Kyler Murray’s ‘JaMarcus Russell’ Clause Seems Worse When Compared to Tom Brady’s Admission About Watching Game Film

Kyler Murray cashed in big this offseason, solidifying himself as the future of the Arizona Cardinals at the quarterback position. But his major contract extension wasn’t without controversy. It involved a rare clause that dictated a minimum amount of time he’d need to spend studying game film every week. 

While Murray’s film-watching habits and subsequent deal made big headlines, it’s not the first of its kind. Many players don’t enjoy watching film. There’s at least one star QB, however — Tom Brady — who makes Murray’s rumored failure to watch film look almost ridiculous in comparison. Let’s take a closer look at the details of Murray’s deal and how his supposed study stacks up to the GOAT. 

Kyler Murray’s new contract included an interesting clause on film study

Kyler Murray of the Arizona Cardinals and NFC looks on before the 2022 NFL Pro Bowl
Arizona Cardinals quarterback Kyler Murray | Christian Petersen/Getty Images

According to Pro Football Talk, Murray’s new contract included an interesting clause: The quarterback must spend at least four hours every week studying game film. What made this clause so curious was that there was no measure of accountability built into the stipulation. The Cardinals weren’t mandating he do it under their watch; they were trusting Murray’s word. 

Murray had previously made comments about not being one to watch much game film in preparation for a game. This clearly concerned the team, which felt the need to include this. The impact was debatable. It made Murray look less than studious and uncommitted to his craft. It also made the Cardinals appear somewhat foolish to make a long-term commitment to a player they didn’t feel was putting in the necessary work. 

Though the clause was eventually dropped following public backlash, a better solution might have been for the team and star to not include this in the contract in the first place, working out a deal in silence to ensure Murray studies enough tape each week. They could then exercise accountability for him, which they currently have not done.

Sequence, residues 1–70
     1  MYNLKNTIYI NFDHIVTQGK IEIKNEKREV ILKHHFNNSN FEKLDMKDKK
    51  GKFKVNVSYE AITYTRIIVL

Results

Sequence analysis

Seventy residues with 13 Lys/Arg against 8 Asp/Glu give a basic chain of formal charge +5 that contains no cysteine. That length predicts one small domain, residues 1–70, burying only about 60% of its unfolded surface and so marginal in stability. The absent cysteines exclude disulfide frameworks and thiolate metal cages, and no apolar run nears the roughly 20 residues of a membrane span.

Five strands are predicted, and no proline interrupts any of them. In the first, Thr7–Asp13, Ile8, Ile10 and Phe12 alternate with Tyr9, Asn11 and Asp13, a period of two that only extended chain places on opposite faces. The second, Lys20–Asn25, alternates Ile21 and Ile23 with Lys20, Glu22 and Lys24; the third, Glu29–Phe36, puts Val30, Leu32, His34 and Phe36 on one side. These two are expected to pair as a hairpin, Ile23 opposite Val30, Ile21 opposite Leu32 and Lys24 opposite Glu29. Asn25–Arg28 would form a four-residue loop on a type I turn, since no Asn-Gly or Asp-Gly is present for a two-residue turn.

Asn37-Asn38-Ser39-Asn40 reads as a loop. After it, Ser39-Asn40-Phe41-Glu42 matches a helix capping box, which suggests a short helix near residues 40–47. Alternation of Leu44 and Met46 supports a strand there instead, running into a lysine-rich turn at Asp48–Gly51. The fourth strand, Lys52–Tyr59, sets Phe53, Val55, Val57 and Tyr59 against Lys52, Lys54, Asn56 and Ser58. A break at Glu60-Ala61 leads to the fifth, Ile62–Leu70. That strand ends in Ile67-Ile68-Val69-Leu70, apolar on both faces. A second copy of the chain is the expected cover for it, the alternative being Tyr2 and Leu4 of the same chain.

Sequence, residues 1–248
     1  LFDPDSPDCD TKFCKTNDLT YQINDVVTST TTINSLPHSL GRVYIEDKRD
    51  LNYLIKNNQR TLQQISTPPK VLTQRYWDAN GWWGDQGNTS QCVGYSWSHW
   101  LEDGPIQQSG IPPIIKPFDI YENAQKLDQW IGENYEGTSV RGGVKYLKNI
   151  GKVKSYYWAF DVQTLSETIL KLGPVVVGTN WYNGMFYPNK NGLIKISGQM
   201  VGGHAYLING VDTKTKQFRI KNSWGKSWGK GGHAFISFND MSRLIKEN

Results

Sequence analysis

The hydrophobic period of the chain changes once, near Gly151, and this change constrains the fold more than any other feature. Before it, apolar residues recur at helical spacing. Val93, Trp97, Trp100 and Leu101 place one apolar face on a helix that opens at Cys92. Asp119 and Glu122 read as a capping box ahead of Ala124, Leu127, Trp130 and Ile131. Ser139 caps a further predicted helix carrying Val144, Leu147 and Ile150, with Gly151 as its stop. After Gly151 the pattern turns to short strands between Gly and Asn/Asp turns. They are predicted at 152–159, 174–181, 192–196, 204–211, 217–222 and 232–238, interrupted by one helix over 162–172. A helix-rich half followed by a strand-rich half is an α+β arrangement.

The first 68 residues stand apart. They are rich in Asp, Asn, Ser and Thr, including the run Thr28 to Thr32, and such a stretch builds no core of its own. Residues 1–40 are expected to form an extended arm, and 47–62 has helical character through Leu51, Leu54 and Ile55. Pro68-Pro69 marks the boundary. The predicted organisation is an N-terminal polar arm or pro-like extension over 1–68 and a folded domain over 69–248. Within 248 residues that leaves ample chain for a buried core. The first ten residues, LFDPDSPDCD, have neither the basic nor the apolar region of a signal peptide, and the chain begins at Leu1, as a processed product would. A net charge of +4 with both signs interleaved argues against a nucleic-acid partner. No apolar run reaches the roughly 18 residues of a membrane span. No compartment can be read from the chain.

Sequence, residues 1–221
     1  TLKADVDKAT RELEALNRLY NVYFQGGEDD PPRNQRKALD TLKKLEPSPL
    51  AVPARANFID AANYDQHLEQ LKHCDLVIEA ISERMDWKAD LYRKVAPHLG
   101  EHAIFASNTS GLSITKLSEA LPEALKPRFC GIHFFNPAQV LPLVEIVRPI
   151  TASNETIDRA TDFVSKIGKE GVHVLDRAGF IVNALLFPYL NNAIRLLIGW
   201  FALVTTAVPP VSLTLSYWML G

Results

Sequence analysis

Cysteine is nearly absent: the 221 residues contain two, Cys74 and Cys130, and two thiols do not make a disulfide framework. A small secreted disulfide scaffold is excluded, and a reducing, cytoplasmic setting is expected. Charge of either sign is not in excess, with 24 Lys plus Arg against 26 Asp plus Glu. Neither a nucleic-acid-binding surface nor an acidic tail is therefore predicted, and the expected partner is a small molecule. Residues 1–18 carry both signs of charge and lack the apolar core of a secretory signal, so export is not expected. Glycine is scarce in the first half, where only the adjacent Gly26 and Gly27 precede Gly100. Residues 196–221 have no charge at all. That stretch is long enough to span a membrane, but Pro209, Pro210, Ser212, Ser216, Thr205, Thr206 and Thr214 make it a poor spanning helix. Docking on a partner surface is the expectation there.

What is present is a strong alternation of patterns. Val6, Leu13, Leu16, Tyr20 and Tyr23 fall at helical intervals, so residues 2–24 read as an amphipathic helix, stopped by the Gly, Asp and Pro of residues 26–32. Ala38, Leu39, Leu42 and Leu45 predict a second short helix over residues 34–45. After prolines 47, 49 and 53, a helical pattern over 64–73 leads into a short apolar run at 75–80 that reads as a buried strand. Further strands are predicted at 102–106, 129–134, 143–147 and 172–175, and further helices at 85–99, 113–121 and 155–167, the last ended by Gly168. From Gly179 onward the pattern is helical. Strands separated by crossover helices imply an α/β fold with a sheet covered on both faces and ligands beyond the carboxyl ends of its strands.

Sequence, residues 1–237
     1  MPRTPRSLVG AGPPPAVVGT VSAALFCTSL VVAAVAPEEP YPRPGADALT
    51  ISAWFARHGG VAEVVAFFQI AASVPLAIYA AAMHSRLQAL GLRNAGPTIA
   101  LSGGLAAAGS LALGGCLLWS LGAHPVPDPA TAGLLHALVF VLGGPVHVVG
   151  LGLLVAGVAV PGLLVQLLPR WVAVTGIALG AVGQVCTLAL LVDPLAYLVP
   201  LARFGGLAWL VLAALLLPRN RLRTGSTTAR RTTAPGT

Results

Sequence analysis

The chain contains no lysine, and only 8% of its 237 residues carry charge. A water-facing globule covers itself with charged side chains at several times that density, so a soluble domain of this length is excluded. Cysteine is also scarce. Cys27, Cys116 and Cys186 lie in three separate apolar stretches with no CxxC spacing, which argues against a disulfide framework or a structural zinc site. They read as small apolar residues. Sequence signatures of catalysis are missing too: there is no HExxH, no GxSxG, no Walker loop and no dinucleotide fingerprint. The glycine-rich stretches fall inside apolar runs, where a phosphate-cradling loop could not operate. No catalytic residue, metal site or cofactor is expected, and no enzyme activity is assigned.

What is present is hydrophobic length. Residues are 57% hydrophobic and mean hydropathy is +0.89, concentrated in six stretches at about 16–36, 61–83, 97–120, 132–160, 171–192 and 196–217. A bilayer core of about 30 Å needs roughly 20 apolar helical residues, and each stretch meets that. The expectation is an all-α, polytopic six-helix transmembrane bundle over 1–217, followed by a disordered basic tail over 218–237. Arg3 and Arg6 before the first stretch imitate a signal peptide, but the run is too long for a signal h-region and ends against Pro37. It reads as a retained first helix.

Tom Brady’s film-watching habits

Contrast Murray’s clause that provisions he watches four hours of film a week with another NFL star in Brady. On Reddit, an NFL fan posted to r/NFL a video of Brady discussing his film-watching habits. 

According to Brady, he would sometimes watch four or five hours of film in a single day. Brady called the practice “soothing,” as he had done it for quite a long time. 

Of course, correlation isn’t always causation. You can’t say Brady has been a great player all due to his commitment to studying his opponents on film. But it certainly seems to have helped. 

Is watching film an important part of being in the NFL?

The bottom line is that to make it in the NFL, you do need to be a student of the game on some level. Certainly, talent and ability matter above all else. But at the game’s highest level, talent is often spread evenly across the board.

The difference between a good team and a great team can be the scheme implemented by the coaching staff. Or, put another way: there’s a reason why Bill Belichick has been so successful for the last 20-plus years. He has a plan and he educates his players on it. 

To understand the importance of watching game film, look at this anecdote shared by former offensive lineman Dave Diehl, as NBC Sports Bay Area reports. He said that when JaMarcus Russell was with the Oakland Raiders, the coaches wanted to know if he was watching the tape. They gave him blank cassettes to watch. Sure enough, Russell showed up and said he had watched the blitz packages presented on the film. 

Russell’s career was short, so that’s at least one data point that shows how critical studying your opponents can be. 

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